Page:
On Wednesday February 12, delegates met in London to consider the impact of the Liverpool Care Pathway, and recent national review on pathways more generally. The conference was chaired by Ruben van Zelm, E-P-A secretary. In his Welcome and opening, Ruben highlighted the importance of definitions and terminology regarding care pathways. He explained the E-P-A definition, focusing on the concept of ‘complex interventions’. A care pathway is more than a piece of paper!

Highlights from Rubens presentation available here

Next speaker was Deborah Murphy, Directorate Manager & National Lead Nurse- LCP Royal Liverpool & Broadgreen University Hospitals NHS Trust and Associate Director of the Marie Curie Palliative Care Institute Liverpool (MCPCIL), University of Liverpool. She explained the history of the Liverpool Care Pathway. Developed as a local pathway, to support health care professionals in delivering high quality and respectful care for the dying, the LCP became a national and even international care pathway. In it’s original, local setting, a number of conditions were set and met before implementation of the pathway. With the spread of the document to other regions and hospitals, these conditions were not always met, resulting in poor implementation. This is supported by the Neuberger Inquiry and report. Of the 44 recommendations in the report, only 2 focus on the LCP as tool (definition / name). The other recommendations are aimed at the care process.

Information on Deborah’s speech is available here

The next speakers presented examples of care pathway work, not only for the dying, or end of life phase, but for other clinical areas as well. Dianne Tetley and Martin Vokes, Lincolnshire Partnership NHS Foundation Trust, showed an example of a Single Point Access for mental health. Single Point Access can only work if care pathways are in place to provide transparency for both care professionals and users.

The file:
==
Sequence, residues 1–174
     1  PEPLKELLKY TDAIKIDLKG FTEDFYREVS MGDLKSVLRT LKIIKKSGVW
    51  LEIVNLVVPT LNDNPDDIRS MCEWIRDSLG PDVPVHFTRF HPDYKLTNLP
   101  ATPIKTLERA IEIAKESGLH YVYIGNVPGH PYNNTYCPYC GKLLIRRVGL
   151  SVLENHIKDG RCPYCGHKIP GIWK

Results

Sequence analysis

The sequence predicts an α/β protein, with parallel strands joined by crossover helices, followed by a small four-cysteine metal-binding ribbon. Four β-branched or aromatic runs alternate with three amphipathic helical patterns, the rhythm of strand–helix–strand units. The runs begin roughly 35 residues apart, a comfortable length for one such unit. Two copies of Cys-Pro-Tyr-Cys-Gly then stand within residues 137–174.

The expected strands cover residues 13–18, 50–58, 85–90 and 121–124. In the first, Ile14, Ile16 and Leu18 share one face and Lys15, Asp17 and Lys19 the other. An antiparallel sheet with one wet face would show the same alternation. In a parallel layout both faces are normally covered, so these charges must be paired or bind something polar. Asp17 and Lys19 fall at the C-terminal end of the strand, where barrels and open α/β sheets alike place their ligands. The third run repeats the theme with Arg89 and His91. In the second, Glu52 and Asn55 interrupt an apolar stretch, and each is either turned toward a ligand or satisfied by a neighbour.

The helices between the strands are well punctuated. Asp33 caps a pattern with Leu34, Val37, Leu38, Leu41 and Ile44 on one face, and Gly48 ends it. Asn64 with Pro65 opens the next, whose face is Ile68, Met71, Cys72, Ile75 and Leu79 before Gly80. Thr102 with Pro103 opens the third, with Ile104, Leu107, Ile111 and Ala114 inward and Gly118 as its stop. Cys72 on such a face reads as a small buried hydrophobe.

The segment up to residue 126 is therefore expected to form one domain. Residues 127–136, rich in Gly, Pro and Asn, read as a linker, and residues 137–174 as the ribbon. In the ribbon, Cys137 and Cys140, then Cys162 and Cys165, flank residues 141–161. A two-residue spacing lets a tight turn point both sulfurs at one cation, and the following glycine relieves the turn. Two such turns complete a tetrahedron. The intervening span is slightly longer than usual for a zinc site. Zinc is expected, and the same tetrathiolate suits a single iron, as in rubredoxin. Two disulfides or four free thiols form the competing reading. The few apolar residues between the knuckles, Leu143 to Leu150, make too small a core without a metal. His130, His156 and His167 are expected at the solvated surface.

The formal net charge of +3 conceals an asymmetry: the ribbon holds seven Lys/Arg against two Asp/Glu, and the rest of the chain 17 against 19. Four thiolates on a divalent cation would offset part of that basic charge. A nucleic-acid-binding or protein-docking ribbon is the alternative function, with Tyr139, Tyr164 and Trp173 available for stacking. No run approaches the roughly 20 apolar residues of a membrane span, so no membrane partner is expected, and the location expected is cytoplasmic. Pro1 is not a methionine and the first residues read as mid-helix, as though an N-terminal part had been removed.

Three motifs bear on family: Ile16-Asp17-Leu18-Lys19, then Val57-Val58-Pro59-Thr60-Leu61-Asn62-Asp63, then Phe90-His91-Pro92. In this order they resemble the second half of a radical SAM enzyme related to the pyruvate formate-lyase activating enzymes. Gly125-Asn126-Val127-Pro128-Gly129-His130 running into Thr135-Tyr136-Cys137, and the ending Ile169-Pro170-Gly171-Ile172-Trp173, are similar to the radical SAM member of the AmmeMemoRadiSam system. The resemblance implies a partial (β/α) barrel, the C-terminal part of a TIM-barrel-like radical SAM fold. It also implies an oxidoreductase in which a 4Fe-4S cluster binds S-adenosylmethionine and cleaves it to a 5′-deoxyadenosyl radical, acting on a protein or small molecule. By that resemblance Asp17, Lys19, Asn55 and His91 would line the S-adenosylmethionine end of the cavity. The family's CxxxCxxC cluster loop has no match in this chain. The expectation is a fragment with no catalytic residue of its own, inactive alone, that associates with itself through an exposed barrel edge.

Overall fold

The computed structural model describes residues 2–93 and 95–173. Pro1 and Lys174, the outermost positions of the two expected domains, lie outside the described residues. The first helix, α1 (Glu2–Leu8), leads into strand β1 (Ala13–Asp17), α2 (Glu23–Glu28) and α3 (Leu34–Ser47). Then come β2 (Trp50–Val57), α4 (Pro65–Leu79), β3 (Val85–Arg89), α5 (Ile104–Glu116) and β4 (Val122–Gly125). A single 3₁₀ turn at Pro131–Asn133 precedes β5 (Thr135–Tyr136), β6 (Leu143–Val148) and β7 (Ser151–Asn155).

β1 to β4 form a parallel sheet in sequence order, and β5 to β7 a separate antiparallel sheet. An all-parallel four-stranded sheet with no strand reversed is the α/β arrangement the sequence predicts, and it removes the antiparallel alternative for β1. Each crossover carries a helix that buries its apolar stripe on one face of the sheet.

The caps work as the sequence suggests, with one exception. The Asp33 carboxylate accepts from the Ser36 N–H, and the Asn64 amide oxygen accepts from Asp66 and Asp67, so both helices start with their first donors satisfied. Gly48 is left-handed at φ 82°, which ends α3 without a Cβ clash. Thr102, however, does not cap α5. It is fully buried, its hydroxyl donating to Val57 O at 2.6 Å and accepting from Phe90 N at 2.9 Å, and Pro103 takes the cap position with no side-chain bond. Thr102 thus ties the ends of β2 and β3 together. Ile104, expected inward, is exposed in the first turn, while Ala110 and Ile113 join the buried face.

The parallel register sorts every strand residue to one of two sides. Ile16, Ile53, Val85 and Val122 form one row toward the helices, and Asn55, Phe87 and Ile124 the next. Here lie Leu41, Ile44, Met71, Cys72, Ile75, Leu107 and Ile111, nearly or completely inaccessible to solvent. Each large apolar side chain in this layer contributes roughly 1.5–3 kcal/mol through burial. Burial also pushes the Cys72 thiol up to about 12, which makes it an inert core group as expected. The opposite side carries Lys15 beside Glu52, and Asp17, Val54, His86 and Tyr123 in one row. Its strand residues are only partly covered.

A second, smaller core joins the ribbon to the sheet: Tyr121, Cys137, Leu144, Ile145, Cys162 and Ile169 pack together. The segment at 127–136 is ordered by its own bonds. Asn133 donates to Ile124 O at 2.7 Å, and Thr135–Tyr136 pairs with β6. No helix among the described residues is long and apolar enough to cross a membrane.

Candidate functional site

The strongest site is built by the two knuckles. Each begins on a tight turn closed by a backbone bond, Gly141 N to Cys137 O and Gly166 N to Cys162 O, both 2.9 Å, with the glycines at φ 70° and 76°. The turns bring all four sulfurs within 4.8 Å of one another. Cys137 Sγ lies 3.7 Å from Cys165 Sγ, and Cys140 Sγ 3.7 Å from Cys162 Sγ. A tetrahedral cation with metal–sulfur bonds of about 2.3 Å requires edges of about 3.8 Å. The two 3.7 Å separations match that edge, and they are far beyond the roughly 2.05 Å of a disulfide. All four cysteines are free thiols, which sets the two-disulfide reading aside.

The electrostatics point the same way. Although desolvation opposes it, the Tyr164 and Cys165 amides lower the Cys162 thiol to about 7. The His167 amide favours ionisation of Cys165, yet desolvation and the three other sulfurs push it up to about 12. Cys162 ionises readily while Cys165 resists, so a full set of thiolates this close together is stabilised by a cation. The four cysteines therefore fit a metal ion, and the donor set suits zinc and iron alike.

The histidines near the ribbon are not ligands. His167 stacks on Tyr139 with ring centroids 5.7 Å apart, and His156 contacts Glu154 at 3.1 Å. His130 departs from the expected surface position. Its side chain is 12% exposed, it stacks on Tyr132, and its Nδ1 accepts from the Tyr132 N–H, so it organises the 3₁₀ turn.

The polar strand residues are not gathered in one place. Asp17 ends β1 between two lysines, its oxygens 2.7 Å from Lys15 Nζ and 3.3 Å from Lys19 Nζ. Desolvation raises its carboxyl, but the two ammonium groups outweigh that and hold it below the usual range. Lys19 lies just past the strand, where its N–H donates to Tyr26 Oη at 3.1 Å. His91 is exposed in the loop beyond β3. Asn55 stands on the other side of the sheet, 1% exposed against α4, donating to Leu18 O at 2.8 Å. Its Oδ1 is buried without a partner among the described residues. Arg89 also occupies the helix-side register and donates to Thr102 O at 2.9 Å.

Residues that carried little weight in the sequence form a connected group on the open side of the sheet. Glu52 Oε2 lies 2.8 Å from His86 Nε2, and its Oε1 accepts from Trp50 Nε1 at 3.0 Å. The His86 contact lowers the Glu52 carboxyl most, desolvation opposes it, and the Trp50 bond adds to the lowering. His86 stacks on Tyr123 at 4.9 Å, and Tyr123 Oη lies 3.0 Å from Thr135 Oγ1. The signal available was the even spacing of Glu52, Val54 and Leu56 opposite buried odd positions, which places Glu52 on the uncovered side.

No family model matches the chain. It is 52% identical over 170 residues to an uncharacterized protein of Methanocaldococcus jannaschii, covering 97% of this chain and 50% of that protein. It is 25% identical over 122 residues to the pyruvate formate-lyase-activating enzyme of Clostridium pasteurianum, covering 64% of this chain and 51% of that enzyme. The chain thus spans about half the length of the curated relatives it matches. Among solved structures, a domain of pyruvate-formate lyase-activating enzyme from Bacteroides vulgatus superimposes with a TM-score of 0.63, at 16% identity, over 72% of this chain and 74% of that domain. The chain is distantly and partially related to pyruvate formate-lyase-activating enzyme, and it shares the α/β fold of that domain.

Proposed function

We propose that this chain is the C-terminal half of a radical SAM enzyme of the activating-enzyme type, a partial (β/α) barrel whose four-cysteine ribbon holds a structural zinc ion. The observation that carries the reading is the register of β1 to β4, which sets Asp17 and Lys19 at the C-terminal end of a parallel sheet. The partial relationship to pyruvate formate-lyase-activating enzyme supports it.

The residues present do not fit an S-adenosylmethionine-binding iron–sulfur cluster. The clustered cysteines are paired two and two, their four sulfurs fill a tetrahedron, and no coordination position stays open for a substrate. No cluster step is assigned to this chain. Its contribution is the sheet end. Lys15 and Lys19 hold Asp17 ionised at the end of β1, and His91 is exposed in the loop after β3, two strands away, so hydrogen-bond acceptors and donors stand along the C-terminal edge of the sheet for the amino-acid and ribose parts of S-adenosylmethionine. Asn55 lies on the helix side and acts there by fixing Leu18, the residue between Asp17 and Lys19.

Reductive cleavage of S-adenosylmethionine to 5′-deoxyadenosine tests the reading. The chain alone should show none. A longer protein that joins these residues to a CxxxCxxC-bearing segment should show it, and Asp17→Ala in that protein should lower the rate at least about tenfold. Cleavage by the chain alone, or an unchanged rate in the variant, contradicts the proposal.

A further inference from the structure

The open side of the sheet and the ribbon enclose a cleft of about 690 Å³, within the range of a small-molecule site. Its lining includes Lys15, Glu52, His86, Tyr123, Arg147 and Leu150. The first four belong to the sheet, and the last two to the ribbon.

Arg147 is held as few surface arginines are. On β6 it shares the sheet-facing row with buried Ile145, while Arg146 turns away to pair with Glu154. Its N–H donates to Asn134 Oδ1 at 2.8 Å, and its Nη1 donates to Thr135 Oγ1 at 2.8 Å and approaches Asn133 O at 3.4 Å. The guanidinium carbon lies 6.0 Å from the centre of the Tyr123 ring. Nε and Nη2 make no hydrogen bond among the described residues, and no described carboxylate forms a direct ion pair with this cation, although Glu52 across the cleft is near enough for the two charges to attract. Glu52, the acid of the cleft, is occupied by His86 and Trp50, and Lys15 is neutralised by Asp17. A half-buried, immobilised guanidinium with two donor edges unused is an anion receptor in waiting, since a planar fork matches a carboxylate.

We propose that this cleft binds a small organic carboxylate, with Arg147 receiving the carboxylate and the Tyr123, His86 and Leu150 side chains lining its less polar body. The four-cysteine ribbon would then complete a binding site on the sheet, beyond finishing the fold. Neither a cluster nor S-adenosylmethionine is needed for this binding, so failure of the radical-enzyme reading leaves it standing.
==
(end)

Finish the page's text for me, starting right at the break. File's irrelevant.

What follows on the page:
Helen Mitchell, Betsi Cadwaladr University Health Board, and Marlise Poolman, Bangor University, explained the Wales perspective of using an ICP for the last days of life. They have combined the care pathway, audits, variance tracking and analysis, and benchmarking into a working quality system. The care pathway is not used as a means in itself, but as a tool to achieve goals.

Information on the Welsh session here

Mark Flemming, Healthcare Improvement Scotland, presented the Scottish approach to developing national condition specific standards for care pathways. Rather than developing national pathways, national standard for pathways are developed, leaving room for local adaptation.

Highlights from Marks session:

A care pathway for an acute condition, Paracetamol poisoning, was showed by Janice Pettie. After an initial successful implementation, Janice was forced to de-implement the pathway. The guidelines regarding paracetamol poisoning had changed, and these changes needed to be incorporated in the care pathways. As Janice put is, many nurses felt that their ‘comfort blanket’ was taken away. Only for a short period; the update care pathway is now been used again.

Jonathan Webster, CWHHE CCGs Commissioning Collaborative, and Rob Sainsbury, Hammersmith & Fulham CCG showed the development of care pathways for frail elderly. These generic pathways use whole system approach to plan and deliver Out of Hospital care for frail elderly. The pathways do not focus on a specific condition or procedure, but on more generic aspects of care.

The conference yielded some good learning points. First, care pathway development and implementation is never just about content, the context (culture, politics, …) is equally important. Second, there is still a lot of misunderstanding regarding terminology. There are many definitions, and we tend to forget that healthcare workers might have a different understanding of the term ‘pathway’ than service users. Third, the successful examples in today’s conference all had in common that the project lead or care pathway facilitator really connected with the intended users. First hear, then speak. Finally, there was concern that the recommendation of the Neuberger Inquiry that the Liverpool Care Pathway should be replaced, will lead to ‘losing the comfort blanket’ as one of the delegates quoted Janice Pettie. The LCP is still regarded as a good tool, but it was the implementation was problematic in some cases.

A number of the presentations is available via: